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photo credit: Brad Newton/Texas Rangers

Why did Tom Grieve say my name on the TV Friday?

OK, my first name is also a common noun, but he wasn’t referring to a pitcher rushing his delivery or a runner in a rush to beat a throw while going from first to third. He meant me.

Grieve and his broadcast partner, C.J. Nitkowski had noticed the Rangers’ home jerseys have script across the front reading “Texas.” The more common practice in baseball is to have a team’s geographical home printed on the road jerseys, while the home versions boast the name of the team’s mascot. The Rangers, however, use “Texas” on both. The announcers wondered why.

So I sent Grieve a text that read “My memory of why Texas is on the front of the home jersey is that it was part of an effort to brand the club with the qualities of the state a few years ago. We ended up doing a whole ad campaign around My Texas My Rangers. I think the jersey branding was related to that.”

The longtime Rangers analyst then read the message on the air. Later in the game, Rangers Executive Vice President of Communications John Blake confirmed my memory was correct (which caused them to say my name again, pleasing my parents who were watching the telecast in Fort Worth). While it’s always cool having an esteemed personality like Tom Grieve say nice things about you, one of the bonuses of the situation was it got me thinking about the ad campaign and how it came about.

It started intuitively, but was ultimately backed up by data. Nolan Ryan had taken over as team president in February of 2008 and the ownership group in which he participated took over the team in August of 2010. The new head of business-side operations, Chuck Greenberg, wanted to direct fans to identify the Rangers as their team, so we quickly shot and edited some new spots consisting of highlights mixed with fans telling the camera some variant of “these are my Rangers.” Though that advertising effort was an unscientific one, in the offseason, Greenberg directed resources toward something the Rangers had done only sporadically during my years there: audience research.

I found the process truly valuable. As a creative director, one likes to know to whom one is speaking (through the medium of television or radio or the internet). It helps you craft better material, because once you know what you’re trying to accomplish, you can find innovative ways of achieving it. As consultant Corky Hall of Stellus Consulting put it, “Give me the freedom of a tightly defined strategy.”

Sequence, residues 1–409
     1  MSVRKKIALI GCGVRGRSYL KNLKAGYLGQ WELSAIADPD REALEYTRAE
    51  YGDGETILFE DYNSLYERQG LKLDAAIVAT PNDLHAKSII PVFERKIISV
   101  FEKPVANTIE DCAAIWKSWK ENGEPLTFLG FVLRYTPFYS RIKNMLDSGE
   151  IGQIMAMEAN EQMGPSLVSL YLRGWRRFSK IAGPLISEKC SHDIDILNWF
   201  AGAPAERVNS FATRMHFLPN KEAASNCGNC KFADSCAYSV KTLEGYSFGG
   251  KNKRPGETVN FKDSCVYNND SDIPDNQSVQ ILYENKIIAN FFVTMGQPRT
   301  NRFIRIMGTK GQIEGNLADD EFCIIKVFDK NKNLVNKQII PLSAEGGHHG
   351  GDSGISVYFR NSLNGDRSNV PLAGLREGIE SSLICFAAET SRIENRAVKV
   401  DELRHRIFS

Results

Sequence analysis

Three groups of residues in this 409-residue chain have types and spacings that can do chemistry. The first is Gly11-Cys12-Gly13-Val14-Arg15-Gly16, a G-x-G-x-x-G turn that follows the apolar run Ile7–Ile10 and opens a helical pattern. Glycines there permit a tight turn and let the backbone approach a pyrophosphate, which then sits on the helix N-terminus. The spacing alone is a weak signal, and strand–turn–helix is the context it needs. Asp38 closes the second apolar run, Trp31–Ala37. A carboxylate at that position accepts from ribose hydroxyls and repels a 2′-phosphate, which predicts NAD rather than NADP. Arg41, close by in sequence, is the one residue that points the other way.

Hall’s firm had taken existing data and spearheaded new research initiatives so we could find out what our fans thought of us. We also wanted to know what they liked and what we could do to position ourselves to better reflect their preferences. One of the things we discovered (not that it was a surprise) was that people liked Texas symbols and values like loyalty, toughness, and friendliness they felt reflected those of Texas and Texans.

The Rangers had long sported a Texas flag patch on their jersey sleeves and the Lone Star State had found its way into plenty of branding elements over the years. The year before (2009), in fact, was when the club had made the move to have all its jerseys read “Texas.” Identifying with the state made sense instinctively, but now we had data to back it up. Out of those brainstorming sessions came a tag line that combined elements of the previous year’s end of season spots with the new research, one that encouraged people to take pride in their team the same way they did in their state: My Texas, My Rangers.

The next step was to figure out how to embody the concept in actual creative executions that would both encourage ballpark attendance and create the brand perceptions we wanted. The solution we adopted involved portraying what was then known as Rangers Ballpark in Arlington as a place where Texas values were ever-present. For television commercials, what I thought might be funny (and therefore memorable) was if the images symbolic of those values actually existed at the park. Some manifestations included:

Grazing

Longhorns grazed in the outfield, ostensibly to save on mower fuel. This spot starred Mitch Moreland and Head Groundskeeper Dennis Klein and no, those were not real cows in the outfield. We digitally manipulated some stock footage.

photo credit: Brian Gagnon/Texas Rangers
photo credit: Brian Gagnon/Texas Rangers

Bass Fishing